Expungement Attorneys in Connecticut
Expungement in Connecticut
In Connecticut expungement is similar to record sealing. If granted your record is hidden from public view and the court cannot admit to its existence, however, the record still exists. Law enforcement and some other agencies may still access your record with a court order in most cases.
Unlike most other states Connecticut automatically destroys some criminal records if you were not convicted, or:
- you were found not guilty and the time to file a writ of error or an appeal has expired;
- your case was declared null and thirteen (13) months have passed.
- Youthful offender records are automatically erased when you turn 21, provided you are no longer under court supervision and have not committed any additional youthful offenses or felonies.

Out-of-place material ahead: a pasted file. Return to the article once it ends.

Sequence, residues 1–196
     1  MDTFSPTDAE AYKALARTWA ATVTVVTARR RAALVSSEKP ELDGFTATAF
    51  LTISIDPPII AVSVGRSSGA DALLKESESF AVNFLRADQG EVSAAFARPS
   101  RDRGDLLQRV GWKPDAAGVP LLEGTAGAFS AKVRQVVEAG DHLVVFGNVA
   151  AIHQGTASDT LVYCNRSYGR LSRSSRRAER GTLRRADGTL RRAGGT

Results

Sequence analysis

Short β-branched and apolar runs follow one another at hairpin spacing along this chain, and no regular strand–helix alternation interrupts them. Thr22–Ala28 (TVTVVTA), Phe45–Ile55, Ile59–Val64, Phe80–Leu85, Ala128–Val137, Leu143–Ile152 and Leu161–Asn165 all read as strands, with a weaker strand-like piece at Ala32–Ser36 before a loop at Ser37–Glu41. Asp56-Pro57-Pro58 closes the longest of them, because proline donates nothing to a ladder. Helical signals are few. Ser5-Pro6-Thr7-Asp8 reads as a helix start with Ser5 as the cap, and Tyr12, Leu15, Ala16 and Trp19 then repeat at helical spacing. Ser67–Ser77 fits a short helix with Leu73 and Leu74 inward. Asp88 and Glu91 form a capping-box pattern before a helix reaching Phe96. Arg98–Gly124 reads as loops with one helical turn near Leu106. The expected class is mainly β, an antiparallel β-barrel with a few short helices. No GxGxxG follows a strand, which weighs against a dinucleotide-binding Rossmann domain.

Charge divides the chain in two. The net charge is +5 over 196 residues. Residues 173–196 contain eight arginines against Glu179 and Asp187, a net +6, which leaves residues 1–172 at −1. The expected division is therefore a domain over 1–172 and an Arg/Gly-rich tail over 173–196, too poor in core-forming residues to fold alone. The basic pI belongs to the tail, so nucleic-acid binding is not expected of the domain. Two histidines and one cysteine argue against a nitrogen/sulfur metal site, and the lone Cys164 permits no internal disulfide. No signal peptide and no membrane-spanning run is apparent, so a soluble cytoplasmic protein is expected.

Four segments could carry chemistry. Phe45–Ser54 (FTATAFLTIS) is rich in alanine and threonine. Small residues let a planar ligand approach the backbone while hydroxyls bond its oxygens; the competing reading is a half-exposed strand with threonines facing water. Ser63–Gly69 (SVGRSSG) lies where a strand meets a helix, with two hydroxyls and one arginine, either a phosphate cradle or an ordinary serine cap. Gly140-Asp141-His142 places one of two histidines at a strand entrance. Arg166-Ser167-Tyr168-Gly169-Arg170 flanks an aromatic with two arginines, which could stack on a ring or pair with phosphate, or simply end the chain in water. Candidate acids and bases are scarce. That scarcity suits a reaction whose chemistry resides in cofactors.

- If you have a juvenile offense conviction you may petition the court after either two (2) or four (4) years after discharge from court supervision depending on the type of offense.
- If you are an adult convicted of a crime that has since been decriminalized you may petition the court.
All other cases require an expungement pardon. To qualify for expungement pardon in Connecticut three (3) years must have passed after the final disposition of your most recent misdemeanor or five (5) years after your most recent felony.